Answering the Call
C&G Partner’s exhibition for the American Museum of Jewish Heritage tells the compelling story of European Jews and their American rescuers. The project was a 2014 SEGD Global Design Awards winner.
From 1933 to 1941, European Jews in flight from Nazi persecution sought haven in the United States, reaching out to relatives, friends, and even strangers. Against the Odds, an exhibition designed by C&G Partners for the American Museum of Jewish Heritage in New York, tells the dramatic story of American Jews who answered their call for help.
The 4,000-square-foot exhibition begins with two animated pieces that run in parallel, one providing the context of the period in the U.S., the other depicting conditions in Europe.
Working within the constraints of American laws that strictly limited immigration, a small group of generous individuals—many of whom were recent immigrants themselves—overcame tremendous obstacles to help many of the refugees reach safety. The barriers they encountered were often bureaucratic in nature, but seemingly as solid and unmoving as walls. The C&G team metaphorically represented these barriers via large “walls” made of suspended curls of off-white paper. Some of the papers carry the ghosted images of original archival documents—symbolizing the daunting amounts of immigration paperwork between the refugees and safety in the U.S.
C&G created a wide range of motion and audio/visual pieces, all of which involve unexpected form factors or novel visual approaches. The exhibit also has a haunting sound score that can be heard throughout the galleries.
The paper walls divide the exhibition into color-coded zones that tell the story in sequence, from the earliest days of warning to the desperate crush of regfugees as Nazi Germany overran the nations of Europe.
“The core of the story is always presented through artifacts, real documents on display throughout the exhibit,” says Jonathan Alger, C&G partner in charge. “Using interactive experiences, the ambient sound score, AV installations, and oral histories, the museum also introduces visitors to the personal stories of those trying to make it through Nazi-dominated Europe to freedom and a better life, the heroes and heroines who helped, and the many more who were hopelessly trapped.”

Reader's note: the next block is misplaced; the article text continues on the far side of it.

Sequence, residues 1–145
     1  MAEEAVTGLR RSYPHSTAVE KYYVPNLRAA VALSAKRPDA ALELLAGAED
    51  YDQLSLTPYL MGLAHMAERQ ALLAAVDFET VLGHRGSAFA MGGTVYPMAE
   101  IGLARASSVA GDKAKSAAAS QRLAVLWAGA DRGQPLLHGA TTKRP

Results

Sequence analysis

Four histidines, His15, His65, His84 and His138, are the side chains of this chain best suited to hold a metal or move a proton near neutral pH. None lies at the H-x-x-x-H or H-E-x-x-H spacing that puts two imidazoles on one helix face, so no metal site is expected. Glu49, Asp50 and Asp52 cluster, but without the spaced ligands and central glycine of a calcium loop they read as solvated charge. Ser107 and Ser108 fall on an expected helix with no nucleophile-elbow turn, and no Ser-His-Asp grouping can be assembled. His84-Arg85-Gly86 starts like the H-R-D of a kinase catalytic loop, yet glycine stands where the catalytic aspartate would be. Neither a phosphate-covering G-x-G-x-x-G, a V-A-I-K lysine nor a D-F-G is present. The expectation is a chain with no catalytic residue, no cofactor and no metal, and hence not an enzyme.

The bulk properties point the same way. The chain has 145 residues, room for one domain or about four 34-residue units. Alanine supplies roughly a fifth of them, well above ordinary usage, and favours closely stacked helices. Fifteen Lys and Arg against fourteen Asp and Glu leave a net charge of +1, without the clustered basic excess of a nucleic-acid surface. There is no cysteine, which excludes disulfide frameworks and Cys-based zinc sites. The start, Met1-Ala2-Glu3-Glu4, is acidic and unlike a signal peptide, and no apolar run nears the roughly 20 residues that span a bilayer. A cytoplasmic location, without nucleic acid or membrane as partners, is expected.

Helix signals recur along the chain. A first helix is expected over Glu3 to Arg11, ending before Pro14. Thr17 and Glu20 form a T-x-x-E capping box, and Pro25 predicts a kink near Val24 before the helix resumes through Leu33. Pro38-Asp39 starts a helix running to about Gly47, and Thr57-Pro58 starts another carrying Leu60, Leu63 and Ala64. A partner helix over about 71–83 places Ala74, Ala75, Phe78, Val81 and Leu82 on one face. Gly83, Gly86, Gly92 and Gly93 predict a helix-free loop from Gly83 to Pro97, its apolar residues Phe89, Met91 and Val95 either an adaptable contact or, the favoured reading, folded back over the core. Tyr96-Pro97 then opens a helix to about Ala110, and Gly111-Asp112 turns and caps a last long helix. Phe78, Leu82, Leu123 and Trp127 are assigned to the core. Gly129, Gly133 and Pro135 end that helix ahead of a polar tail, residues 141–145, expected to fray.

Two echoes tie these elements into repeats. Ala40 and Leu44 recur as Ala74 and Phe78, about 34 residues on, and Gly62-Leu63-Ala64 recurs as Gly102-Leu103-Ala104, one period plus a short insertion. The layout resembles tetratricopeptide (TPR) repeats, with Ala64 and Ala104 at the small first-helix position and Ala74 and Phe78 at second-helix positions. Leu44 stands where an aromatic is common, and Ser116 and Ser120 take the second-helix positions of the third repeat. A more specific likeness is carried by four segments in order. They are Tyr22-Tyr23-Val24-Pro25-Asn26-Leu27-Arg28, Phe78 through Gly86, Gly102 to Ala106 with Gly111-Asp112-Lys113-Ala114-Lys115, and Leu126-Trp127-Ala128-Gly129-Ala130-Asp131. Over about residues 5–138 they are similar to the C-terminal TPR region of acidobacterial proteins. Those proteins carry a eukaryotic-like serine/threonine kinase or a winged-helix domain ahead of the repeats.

Interactive experiences are delivered through iPads in the space, programmed by C&G and integrated behind wooden covers and frequently featuring the voices of the people featured in the stories.
A centerpiece of the show is a set of case files carefully collected by one of the American rescuers, set under a six-pointed period chandelier. Visitors can browse some of the original documents from these files nearby.
Media projections occur throughout the exhibit in surprising ways. Remixed archival footage of passengers arriving in the U.S. is projected onto a screen fashioned from many smaller pieces of overlapping paper.
An intentionally narrow, monochromatic gallery near the end of the exhibit deals with the period during the War itself, when rescue through official international channels was cut off.
Throughout the exhibit, the paper walls slowly move at all times, emphasizing the sense of shifting context and lack of solidity that the protagonists of the story felt during the period.
Working closely with the museum’s in-house exhibition team, C&G Partners created all exhibition design and graphics, interactives, motion design, sound design, and branding.
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Design Firm: C&G Partners
Client: Museum of Jewish Heritage
Location: New York
Project Area: 4,140 sq. ft.
Open Date: May 2013
Project Budget: $300,000
Design Team: Jonathan Alger (partner in charge, creative director); Daniel Fouad, Monika Thorson (exhibit design); Kelsey Cohen (graphic design, content coordination); Zak Greene (interactives, media); Max Millermaier (media, sound, and hardware design); Eliza Fitzhugh, Samuel Sheniova, Jessica Griscti (graphic design)
Consultants: Anita Jorgenson Lighting (lighting)
Fabrication: Precision Plastics (fabrication), Bay Imagery (printing)